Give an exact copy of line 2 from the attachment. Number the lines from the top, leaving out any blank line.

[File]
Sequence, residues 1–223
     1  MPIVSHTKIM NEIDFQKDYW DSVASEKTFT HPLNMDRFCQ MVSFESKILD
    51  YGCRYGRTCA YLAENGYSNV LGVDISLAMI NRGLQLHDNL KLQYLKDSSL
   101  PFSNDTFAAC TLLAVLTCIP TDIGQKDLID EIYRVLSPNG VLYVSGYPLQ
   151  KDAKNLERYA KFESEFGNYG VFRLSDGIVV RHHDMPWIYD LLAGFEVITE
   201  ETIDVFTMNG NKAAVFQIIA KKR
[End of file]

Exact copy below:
     1  MPIVSHTKIM NEIDFQKDYW DSVASEKTFT HPLNMDRFCQ MVSFESKILD